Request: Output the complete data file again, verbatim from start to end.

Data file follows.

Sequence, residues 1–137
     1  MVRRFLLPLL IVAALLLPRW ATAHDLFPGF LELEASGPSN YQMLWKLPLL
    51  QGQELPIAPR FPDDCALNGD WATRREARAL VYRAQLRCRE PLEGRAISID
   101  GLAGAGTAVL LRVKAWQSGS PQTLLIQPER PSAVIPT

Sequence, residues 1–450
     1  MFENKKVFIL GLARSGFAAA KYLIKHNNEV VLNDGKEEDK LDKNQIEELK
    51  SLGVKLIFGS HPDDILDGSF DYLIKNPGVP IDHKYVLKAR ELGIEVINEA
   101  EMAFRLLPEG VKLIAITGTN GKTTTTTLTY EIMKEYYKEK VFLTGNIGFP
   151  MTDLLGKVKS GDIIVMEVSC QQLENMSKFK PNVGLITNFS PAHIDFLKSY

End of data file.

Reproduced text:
Sequence, residues 1–137
     1  MVRRFLLPLL IVAALLLPRW ATAHDLFPGF LELEASGPSN YQMLWKLPLL
    51  QGQELPIAPR FPDDCALNGD WATRREARAL VYRAQLRCRE PLEGRAISID
   101  GLAGAGTAVL LRVKAWQSGS PQTLLIQPER PSAVIPT

Sequence, residues 1–450
     1  MFENKKVFIL GLARSGFAAA KYLIKHNNEV VLNDGKEEDK LDKNQIEELK
    51  SLGVKLIFGS HPDDILDGSF DYLIKNPGVP IDHKYVLKAR ELGIEVINEA
   101  EMAFRLLPEG VKLIAITGTN GKTTTTTLTY EIMKEYYKEK VFLTGNIGFP
   151  MTDLLGKVKS GDIIVMEVSC QQLENMSKFK PNVGLITNFS PAHIDFLKSY